Induction of endothelial cell apoptosis by heat-shock protein 60–reactive antibodies from anti–endothelial cell autoantibody–positive systemic lupus erythematosus patients
Article first published online: 8 OCT 2004
Copyright © 2004 by the American College of Rheumatology
Arthritis & Rheumatism
Volume 50, Issue 10, pages 3221–3231, October 2004
How to Cite
Dieudé, M., Senécal, J.-L. and Raymond, Y. (2004), Induction of endothelial cell apoptosis by heat-shock protein 60–reactive antibodies from anti–endothelial cell autoantibody–positive systemic lupus erythematosus patients. Arthritis & Rheumatism, 50: 3221–3231. doi: 10.1002/art.20564
- Issue published online: 8 OCT 2004
- Article first published online: 8 OCT 2004
- Manuscript Accepted: 30 JUN 2004
- Manuscript Received: 10 DEC 2003
- Canadian Institutes of Health Research. Grant Number: MOP-36436
- Centre Hospitalier de l'Université de Montréal
To determine whether anti–endothelial cell autoantibodies (AECAs) from systemic lupus erythematosus (SLE) patients with the antiphospholipid syndrome are involved in the initial endothelial cell (EC) membrane perturbation effect that is postulated to provide a target for antiphospholipid antibody (aPL) binding and, hence, to trigger the thrombotic cascade. To identify the AECA antigenic target on ECs and to determine the mechanism whereby the EC membrane is disrupted.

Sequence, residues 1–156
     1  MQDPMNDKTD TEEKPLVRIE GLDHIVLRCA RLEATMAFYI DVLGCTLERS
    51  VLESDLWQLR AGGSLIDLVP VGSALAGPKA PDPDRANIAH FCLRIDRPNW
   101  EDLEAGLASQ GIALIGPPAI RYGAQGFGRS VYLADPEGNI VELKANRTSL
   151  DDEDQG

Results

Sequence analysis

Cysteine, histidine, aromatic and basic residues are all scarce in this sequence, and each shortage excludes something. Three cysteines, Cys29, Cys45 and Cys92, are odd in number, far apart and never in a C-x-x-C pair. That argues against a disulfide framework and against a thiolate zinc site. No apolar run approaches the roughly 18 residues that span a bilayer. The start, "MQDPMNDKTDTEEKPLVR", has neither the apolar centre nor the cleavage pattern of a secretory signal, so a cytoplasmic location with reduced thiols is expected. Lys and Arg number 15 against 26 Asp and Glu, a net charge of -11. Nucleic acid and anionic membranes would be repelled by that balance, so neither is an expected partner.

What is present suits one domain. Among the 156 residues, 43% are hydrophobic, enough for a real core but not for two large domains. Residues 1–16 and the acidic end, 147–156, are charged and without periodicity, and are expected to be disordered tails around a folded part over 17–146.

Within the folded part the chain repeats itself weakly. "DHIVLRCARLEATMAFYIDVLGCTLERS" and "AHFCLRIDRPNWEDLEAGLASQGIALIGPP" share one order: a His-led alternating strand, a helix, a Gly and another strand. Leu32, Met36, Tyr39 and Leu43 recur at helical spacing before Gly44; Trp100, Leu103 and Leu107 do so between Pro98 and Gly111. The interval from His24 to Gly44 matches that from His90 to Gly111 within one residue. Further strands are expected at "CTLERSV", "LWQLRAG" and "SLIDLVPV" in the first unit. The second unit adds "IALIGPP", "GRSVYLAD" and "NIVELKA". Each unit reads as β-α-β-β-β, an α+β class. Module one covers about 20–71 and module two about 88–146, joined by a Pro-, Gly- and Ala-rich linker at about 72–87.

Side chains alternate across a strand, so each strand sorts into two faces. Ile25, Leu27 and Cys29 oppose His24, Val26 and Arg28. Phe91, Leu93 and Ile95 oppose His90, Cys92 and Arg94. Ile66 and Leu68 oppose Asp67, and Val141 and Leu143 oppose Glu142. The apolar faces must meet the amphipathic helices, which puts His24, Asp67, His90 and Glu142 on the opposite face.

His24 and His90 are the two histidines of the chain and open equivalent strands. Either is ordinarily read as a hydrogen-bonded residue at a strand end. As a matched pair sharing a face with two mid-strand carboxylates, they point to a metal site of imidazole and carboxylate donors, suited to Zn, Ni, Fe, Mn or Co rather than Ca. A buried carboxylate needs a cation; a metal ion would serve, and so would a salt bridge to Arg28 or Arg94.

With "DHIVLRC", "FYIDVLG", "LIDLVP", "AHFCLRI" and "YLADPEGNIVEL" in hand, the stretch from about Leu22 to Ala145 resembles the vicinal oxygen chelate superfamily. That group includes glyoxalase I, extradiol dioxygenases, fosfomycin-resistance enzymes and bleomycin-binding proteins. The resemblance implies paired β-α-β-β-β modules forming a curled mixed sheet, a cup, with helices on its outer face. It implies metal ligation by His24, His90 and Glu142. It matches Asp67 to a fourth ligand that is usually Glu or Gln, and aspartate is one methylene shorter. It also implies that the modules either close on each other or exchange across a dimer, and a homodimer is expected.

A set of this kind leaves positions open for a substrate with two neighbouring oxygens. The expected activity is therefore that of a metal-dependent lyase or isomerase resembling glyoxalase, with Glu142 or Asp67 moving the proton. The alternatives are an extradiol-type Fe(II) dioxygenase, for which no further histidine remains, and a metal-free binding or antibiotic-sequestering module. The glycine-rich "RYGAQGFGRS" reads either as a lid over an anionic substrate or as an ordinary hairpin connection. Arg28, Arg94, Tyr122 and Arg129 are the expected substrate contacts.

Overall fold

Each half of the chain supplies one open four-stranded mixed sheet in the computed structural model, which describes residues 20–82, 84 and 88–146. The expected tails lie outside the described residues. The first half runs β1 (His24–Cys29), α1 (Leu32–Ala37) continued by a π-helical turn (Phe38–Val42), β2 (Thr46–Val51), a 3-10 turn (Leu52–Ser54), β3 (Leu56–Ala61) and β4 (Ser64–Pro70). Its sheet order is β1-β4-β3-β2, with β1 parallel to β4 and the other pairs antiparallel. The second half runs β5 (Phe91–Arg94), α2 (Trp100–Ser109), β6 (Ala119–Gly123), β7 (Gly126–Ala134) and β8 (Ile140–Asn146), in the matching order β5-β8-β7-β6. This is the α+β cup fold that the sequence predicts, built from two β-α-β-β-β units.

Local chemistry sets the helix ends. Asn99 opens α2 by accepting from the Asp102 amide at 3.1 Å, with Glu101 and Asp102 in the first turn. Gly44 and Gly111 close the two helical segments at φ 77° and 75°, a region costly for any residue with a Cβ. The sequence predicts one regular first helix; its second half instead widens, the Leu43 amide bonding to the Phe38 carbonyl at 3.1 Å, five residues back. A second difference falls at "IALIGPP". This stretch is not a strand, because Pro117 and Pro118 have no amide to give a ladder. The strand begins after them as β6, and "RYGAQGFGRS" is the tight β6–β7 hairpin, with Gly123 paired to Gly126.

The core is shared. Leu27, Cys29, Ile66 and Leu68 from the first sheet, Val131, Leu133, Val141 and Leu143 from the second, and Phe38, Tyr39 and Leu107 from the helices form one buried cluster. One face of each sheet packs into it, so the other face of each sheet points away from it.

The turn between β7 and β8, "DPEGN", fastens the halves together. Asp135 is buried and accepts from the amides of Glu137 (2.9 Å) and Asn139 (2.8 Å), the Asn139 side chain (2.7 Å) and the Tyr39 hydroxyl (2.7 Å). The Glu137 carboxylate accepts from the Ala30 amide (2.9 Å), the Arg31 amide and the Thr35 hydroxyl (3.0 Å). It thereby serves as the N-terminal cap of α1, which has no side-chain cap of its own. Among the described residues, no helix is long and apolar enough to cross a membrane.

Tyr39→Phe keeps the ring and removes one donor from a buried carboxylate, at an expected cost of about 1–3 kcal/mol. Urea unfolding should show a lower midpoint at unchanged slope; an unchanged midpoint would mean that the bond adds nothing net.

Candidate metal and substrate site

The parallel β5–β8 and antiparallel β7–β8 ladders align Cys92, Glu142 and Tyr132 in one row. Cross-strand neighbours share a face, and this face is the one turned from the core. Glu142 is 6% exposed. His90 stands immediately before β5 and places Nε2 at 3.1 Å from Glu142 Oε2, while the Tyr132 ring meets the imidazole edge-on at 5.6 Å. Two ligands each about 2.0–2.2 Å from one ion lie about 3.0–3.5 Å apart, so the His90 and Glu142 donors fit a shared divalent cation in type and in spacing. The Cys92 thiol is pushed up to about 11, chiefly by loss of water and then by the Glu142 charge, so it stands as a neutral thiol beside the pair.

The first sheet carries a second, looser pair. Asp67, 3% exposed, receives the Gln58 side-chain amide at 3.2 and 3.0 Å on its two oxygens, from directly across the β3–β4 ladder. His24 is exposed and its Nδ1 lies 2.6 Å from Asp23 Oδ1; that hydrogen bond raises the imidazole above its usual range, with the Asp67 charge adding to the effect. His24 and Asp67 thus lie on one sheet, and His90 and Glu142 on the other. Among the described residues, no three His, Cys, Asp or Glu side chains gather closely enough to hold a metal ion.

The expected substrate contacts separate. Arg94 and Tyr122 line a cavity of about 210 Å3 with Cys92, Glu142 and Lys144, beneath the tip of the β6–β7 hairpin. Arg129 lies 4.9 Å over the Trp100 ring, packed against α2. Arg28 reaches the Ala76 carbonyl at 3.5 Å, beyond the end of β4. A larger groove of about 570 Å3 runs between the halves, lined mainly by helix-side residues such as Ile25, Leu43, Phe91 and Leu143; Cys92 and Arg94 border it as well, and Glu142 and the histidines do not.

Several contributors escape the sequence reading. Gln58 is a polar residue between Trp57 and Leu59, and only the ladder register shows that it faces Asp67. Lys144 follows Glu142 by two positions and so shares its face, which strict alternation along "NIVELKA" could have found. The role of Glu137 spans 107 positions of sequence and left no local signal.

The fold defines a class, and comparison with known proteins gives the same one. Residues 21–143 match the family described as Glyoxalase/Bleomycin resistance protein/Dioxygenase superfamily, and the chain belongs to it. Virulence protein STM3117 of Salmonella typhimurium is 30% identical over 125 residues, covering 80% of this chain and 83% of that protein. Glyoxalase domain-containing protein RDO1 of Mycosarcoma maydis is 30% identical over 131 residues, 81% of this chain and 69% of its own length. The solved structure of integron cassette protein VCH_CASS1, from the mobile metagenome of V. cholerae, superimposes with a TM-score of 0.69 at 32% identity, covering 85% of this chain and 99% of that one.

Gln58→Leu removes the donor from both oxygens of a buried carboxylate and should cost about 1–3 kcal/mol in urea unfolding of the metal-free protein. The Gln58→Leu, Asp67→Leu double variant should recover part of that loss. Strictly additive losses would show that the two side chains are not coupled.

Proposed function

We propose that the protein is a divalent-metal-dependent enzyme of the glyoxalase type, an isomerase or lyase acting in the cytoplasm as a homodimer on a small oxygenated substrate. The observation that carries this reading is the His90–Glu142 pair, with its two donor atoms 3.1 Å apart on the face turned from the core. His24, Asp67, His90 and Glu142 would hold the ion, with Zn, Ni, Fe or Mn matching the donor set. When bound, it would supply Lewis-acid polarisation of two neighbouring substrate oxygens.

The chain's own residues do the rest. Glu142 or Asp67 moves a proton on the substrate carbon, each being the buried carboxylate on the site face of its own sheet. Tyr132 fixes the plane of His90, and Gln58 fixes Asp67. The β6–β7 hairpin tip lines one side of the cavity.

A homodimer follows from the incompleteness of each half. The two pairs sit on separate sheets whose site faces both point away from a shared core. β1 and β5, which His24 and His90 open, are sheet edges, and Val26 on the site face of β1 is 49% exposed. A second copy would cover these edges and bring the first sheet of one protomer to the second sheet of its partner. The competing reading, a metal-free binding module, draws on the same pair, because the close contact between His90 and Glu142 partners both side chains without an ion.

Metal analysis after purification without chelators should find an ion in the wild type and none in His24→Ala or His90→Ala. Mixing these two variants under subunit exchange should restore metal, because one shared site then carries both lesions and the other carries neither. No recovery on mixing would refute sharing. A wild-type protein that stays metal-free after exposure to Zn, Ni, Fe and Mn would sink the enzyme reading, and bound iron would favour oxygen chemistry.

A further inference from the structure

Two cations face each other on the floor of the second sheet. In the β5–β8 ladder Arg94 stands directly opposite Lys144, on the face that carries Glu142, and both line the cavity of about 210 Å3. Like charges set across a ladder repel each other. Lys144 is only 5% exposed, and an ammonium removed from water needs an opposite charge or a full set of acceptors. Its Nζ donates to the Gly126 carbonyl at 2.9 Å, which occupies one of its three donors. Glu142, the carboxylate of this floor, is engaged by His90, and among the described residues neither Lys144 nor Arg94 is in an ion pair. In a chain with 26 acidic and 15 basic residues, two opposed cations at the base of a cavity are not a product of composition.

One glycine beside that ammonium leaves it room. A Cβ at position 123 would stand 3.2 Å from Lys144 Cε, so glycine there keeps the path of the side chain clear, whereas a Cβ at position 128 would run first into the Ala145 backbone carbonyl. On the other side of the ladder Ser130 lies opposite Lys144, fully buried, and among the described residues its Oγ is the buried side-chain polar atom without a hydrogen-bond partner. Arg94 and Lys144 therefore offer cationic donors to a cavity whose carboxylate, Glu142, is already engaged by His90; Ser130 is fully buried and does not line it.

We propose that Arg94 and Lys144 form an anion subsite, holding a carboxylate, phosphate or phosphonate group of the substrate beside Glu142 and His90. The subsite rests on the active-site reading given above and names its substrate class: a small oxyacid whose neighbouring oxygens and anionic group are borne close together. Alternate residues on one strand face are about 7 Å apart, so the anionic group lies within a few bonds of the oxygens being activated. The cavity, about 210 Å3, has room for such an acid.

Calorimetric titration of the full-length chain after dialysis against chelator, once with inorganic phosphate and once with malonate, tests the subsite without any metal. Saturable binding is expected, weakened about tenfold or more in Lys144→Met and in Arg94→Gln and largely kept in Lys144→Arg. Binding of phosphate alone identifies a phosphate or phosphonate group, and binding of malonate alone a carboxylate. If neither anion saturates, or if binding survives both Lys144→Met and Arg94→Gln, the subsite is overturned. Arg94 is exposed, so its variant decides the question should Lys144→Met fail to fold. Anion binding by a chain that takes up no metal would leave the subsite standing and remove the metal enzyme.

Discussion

AECAs from SLE patients were assayed for binding to ECs by flow cytometry. Positive AECAs were assayed by immunoblotting, and a consensus antigen was identified by mass spectrometry. This candidate antigen was tested in recombinant form for AECA recognition. AECAs were affinity-purified on this antigen and incubated with ECs to determine their physiologic effects. Anti-Hsp60 antibody titers were determined by enzyme-linked immunosorbent assay. The relationship of anti-Hsp60 status and lupus anticoagulant (LAC) status to thrombotic manifestations between disease onset and the last followup visit were analyzed.
Most of the SLE sera (73%) possessed IgG that bound to the surface of ECs. These positive IgG shared reactivity against a 60-kd EC surface polypeptide that was identified as human Hsp60. The presence of Hsp60 at the EC surface was established using anti-Hsp60 antibodies from commercial sources or affinity-purified from SLE sera that bound ECs. Incubation of ECs with these anti-Hsp60 antibodies induced apoptosis in a time- and dose-dependent manner, as determined by Hoechst 33342 dye staining of condensed nuclei and by annexin V binding to surface phosphatidylserine. Anti-Hsp60 antibodies were not restricted to SLE patients, but were found in patients with other autoimmune diseases. However, anti-Hsp60 antibodies were significantly associated with an increased frequency of thrombosis when present in combination with LAC in the SLE patients.
The presence of Hsp60 at the surface of ECs serves as a target for the anti-Hsp60 antibodies in SLE sera. These anti-Hsp60 antibodies bind to ECs and induce apoptosis, particularly phosphatidylserine exposure, thus providing a target for the binding of aPL and inducing the subsequent thrombotic cascade.